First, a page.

Well in a way, our family has a similar story. In 2012, after having experienced the losses of your older siblings OB (Our Baby) and BW (Baby Willer) in 2010 and 2011, Mommy and I decided to try to have babies again. This time we had a new outlook on things, as we decided to use an egg donor. We were thrilled! This would be our chance to start our family, the family we always wanted. We went through the process of selecting just the right egg donor and worked towards getting things scheduled. After a lot of coordination, finally everything was set, and we were put on a plan that matched us up with our donor. After all of the fertility treatments, we ended up transferring two of the best looking embryos we had ever seen, thus sounding the gun and beginning our race.

You were both perfect! You looked amazing! We had butterflies and were nervous. At seven weeks we saw your hearts beat. At nine weeks they were still beating, a point that we had not previously passed with OB. At 13 weeks, more of your parts were forming, and even better, we were out of the first trimester—a feat that was worth being overjoyed about. It was bound to be smooth sailing from here. After all we had been through so much training that nothing seemed it could go wrong. But disaster struck at 18 weeks, about half way through the pregnancy. Dr Stark, our perinatologist, told us that Baby A, your sister Matilda, looked great. But as for Baby B, you Milo, you had some complications surrounding your kidneys. They had cysts all over them. And since kidneys make amniotic fluid, and amniotic fluid provides lung development, Dr. Stark said that there was not much hope of you surviving after birth, only a 2% chance. In great irony, he compared your lungs to trees. Without the branches extending from the trunk, things would be difficult. But even more, most doctors we talked to thought that you would not be born alive. In fact in one case, a neonatology doctor said that we’d rather not have you born alive, as it would be easier for us to deal with. We never felt that way. We knew we absolutely wanted to meet our baby. All we had to have was a commitment from you. And in an act of determination and perseverance, you decided not to give up. At 20 weeks you were still kicking and developing, outweighing your big sister. At 22 weeks, you were still going and Daddy even recorded your heartbeat. It wasn’t until about 30 weeks that you started to show signs of tiring. But you still limped on, helping to make sure that Matilda finished the race. On February 8th, 2013 you and your sister Matilda were born, crossing the finish line at about 10:30AM, making your mommy and me very proud parents.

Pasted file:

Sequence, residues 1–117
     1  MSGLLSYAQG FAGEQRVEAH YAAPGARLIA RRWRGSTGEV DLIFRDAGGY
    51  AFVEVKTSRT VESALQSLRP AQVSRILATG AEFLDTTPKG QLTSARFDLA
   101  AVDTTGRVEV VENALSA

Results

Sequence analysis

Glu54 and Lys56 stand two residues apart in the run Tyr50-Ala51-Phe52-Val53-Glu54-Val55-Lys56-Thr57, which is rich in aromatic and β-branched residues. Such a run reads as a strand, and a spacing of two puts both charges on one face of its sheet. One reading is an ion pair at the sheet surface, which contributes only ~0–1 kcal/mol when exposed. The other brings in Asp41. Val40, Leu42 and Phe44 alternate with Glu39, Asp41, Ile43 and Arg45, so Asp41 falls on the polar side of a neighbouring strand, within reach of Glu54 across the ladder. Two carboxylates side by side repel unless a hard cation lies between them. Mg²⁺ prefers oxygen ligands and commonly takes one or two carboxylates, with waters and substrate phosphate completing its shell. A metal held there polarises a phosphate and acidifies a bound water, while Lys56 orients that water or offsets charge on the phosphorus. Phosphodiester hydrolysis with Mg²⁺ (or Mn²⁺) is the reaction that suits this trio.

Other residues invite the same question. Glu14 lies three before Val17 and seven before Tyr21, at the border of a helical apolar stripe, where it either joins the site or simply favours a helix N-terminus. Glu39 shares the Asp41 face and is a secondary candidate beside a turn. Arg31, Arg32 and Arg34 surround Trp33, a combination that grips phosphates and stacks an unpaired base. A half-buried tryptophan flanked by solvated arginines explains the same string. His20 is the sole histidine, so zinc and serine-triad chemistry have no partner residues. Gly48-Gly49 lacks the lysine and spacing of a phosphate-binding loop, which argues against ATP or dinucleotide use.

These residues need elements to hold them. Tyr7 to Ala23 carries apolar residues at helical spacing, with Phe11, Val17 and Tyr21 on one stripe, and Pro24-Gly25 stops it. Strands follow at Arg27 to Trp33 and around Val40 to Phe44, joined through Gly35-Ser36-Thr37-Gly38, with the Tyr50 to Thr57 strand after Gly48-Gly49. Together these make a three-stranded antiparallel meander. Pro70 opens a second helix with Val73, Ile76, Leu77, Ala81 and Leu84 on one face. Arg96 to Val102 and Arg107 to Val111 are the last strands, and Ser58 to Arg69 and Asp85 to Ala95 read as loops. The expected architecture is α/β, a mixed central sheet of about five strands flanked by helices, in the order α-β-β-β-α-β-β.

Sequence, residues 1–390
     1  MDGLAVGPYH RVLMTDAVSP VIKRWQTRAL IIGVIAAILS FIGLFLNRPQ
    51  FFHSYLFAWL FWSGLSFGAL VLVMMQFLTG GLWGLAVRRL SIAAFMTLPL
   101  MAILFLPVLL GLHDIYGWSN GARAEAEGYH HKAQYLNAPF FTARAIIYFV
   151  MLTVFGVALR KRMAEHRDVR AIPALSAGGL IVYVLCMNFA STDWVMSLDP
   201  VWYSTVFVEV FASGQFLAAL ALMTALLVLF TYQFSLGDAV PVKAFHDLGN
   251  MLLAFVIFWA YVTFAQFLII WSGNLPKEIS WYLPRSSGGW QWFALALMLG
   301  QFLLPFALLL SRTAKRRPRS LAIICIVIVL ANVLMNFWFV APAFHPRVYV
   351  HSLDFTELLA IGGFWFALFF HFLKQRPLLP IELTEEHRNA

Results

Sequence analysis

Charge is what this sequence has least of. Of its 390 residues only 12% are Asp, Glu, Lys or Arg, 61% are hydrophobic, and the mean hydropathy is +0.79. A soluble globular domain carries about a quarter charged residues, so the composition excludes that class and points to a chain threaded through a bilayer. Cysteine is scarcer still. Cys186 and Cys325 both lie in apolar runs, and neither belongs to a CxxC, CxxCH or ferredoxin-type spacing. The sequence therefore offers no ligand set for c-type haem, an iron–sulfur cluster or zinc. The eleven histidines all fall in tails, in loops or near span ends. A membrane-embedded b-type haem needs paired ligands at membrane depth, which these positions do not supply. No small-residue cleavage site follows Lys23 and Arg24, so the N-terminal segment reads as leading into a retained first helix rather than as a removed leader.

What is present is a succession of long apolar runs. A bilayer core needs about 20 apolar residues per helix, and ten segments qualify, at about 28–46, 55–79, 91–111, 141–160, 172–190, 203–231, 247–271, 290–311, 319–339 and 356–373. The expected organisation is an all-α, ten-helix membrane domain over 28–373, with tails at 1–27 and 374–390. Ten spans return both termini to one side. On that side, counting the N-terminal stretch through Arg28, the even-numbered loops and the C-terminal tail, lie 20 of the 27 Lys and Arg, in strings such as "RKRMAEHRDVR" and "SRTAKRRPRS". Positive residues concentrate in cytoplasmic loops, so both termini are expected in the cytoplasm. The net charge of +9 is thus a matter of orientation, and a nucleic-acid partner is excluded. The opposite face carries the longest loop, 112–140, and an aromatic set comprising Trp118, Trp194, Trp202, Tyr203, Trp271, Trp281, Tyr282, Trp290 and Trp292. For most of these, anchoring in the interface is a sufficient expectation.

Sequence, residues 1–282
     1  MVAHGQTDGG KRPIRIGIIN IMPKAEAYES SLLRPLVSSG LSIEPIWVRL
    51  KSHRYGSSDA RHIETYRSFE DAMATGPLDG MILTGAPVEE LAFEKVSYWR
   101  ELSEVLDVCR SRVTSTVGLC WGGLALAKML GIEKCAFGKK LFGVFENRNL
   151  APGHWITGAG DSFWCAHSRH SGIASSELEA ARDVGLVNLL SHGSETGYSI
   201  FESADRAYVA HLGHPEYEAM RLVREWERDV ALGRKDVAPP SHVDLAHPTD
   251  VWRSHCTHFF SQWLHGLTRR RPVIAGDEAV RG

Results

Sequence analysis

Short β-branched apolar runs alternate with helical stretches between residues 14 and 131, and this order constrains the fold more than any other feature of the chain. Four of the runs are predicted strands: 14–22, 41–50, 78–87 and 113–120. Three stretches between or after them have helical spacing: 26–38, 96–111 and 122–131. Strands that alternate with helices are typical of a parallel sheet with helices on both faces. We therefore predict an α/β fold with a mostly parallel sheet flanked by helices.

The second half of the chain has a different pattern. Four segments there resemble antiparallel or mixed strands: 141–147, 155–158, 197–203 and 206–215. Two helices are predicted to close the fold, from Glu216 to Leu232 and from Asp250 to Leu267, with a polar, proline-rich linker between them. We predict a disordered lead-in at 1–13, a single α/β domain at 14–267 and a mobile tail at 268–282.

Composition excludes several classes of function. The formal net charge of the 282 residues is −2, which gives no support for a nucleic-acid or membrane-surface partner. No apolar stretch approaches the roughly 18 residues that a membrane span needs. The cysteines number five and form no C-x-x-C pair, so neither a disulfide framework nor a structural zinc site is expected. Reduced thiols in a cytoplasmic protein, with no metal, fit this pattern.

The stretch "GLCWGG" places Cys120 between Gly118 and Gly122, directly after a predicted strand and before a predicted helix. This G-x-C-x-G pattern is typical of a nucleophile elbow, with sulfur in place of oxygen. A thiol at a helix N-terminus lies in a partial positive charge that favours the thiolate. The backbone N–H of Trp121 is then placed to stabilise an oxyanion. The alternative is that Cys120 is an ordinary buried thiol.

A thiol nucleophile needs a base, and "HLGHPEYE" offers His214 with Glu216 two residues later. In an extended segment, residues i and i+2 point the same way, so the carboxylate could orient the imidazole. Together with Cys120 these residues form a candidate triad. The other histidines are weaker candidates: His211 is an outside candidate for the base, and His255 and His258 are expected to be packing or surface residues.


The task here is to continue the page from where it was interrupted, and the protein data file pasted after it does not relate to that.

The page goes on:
Milo there are so many things that Mommy and I want to say to you. Thank you for being you. Thank you for the three wonderful hours that we got to spend with you. Thank you for hanging in there to meet Mommy and me face to face, defying many doctors’ predictions. Thank you for taking good care of your sister and keeping her company while you both developed. With Daddy’s determination and Mommy’s love, you safely helped to get a healthy Matilda into our arms. We will make sure that Matilda knows all about you, Milo. And we’re sure she’ll have some stories of her own to tell us. But we cannot repay you and we are so very sad that you cannot stay with us. We will miss you terribly. We will visit you in song and in prayer. For everything you have done and for how you have changed our lives forever, we, again, thank you. It is now our turn to carry you in our hearts to the end. Mommy and I love you deeply. We feel you in spirit. Like that old Tom Waits song, and like Derek Redmond’s father, you are the saint that history put in our family’s dream. For it’s time, time, time that we love, and it’s time, time, time. Goodbye for now.